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Knee-deep in the Big Muddy: A study of escalating commitment to a chosen course of action.
It is commonly expected that individuals will reverse decisions or change behaviors which result in negative consequences. Yet, within investment decision contexts, negative consequences may actuallyExpand
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Threat-rigidity effects in organizational behavior: A multilevel analysis.
The authors wish to thank Jeanne Brett, Larry Cummings, Joanne Martin, J. P. Miller, and the anonymousASQ reviewers for their insightful comments on an earlier version of this paper. This paperExpand
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The Escalation of Commitment To a Course of Action
There are many instances in which individuals can become locked into a costly course of action. Because it is often possible for persons who have suffered a setback to recoup their losses through anExpand
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What Theory is Not
We are grateful to Steve Barley, Max Bazerman, Daniel Brass, Gary Alan Fine, Linda Pike, Robert Kahn, James March, Marshall Meyer, Keith Murnighan, Christine Oliver, and David Owens for theirExpand
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Affect and Creativity at Work
This study explored how affect relates to creativity at work. Using both quantitative and qualitative longitudinal data from the daily diaries of 222 employees in seven companies, we examined theExpand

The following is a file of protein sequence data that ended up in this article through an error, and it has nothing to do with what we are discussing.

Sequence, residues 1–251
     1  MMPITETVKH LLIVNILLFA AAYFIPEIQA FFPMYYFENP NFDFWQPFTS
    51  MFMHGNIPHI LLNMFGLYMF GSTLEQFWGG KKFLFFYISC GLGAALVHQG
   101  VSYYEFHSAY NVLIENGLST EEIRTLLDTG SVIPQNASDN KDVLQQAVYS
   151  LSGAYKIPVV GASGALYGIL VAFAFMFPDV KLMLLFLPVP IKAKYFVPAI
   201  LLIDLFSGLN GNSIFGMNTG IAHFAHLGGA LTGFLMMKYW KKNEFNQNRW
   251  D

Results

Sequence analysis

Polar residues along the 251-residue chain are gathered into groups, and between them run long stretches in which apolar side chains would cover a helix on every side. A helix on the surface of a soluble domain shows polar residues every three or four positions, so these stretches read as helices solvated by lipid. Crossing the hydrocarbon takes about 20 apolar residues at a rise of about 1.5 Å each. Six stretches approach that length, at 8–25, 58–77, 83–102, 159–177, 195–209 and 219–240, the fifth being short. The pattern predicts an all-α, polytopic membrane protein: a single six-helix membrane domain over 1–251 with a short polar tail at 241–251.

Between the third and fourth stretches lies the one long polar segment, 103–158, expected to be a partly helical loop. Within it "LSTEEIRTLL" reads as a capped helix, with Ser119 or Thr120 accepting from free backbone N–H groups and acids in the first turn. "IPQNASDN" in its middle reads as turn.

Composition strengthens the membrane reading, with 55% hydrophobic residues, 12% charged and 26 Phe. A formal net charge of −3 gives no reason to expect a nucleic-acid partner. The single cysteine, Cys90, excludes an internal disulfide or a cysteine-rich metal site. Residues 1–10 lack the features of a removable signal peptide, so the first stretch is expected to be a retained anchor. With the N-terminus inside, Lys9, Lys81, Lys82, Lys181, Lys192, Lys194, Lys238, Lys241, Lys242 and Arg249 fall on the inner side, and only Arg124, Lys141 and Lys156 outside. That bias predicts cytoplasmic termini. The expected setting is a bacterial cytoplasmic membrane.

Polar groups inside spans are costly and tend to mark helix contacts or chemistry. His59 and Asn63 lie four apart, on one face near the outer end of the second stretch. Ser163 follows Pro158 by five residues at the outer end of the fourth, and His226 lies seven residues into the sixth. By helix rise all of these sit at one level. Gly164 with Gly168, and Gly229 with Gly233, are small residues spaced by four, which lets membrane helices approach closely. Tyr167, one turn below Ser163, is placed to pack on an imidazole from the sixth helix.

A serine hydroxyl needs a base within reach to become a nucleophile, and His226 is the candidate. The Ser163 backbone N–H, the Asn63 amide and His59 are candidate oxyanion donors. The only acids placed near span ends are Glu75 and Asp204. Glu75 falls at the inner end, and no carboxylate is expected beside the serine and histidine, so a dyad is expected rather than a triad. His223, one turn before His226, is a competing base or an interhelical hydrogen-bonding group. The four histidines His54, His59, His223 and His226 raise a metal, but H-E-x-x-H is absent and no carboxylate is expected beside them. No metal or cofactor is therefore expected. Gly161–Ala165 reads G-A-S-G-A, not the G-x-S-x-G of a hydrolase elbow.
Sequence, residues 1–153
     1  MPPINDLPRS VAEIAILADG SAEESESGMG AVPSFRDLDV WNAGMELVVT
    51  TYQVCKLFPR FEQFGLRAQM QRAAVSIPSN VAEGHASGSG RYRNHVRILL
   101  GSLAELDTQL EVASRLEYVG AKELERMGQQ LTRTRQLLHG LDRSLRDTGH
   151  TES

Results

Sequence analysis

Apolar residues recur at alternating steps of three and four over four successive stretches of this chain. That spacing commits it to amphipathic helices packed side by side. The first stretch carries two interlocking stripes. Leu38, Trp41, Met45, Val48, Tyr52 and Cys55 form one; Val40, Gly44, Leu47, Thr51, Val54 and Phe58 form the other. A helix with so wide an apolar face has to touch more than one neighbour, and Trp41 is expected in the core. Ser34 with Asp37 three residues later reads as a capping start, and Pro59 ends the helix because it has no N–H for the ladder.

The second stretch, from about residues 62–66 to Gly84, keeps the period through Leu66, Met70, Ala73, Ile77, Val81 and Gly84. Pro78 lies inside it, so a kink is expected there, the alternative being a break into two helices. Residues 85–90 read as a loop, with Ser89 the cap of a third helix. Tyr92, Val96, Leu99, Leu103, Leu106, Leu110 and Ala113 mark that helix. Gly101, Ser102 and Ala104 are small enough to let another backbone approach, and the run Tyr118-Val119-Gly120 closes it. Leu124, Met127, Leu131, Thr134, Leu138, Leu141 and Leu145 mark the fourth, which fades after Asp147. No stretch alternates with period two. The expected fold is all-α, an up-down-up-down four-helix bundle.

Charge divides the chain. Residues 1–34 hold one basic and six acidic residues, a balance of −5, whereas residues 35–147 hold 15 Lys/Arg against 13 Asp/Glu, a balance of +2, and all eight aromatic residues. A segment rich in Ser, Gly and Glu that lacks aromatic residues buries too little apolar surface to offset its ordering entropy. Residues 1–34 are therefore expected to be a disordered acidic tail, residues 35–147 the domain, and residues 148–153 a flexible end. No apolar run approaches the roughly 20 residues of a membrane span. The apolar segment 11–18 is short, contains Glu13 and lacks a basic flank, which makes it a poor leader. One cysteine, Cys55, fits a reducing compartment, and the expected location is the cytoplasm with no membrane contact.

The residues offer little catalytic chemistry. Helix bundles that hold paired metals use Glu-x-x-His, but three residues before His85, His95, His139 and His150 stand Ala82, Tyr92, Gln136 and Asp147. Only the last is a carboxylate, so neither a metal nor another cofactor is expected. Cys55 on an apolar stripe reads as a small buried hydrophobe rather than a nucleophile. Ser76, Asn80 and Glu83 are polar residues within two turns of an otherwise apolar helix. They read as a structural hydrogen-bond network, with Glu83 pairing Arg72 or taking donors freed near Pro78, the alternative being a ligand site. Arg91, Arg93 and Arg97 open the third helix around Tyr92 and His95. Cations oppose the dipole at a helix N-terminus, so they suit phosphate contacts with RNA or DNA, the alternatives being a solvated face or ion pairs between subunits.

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The consequences of turnover
SUMMARY The purpose of this paper is to reorient the study of turnover from an examination of the antecedents of leaving an organization to its consequences. Towards this end, a number of positive asExpand
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Individualism-collectivism and group creativity.
Current research in organizational behavior suggests that organizations should adopt collectivistic values because they promote cooperation and productivity, while individualistic values should beExpand
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What Bandwagons Bring: Effects of Popular Management Techniques on Corporate Performance, Reputation, and CEO Pay
This paper examines some of the important organizational consequences of popular management techniques. Using informational reports on quality, empowerment, and teams, as well as a measure of theExpand
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The Justification of Organizational Performance.
Barry M. Staw, Pamela 1. McKechnie, and Sheila M. Puffer Justification of organizational performance was investigated by testing for self-serving attributions in corporate annual reports. Letters toExpand
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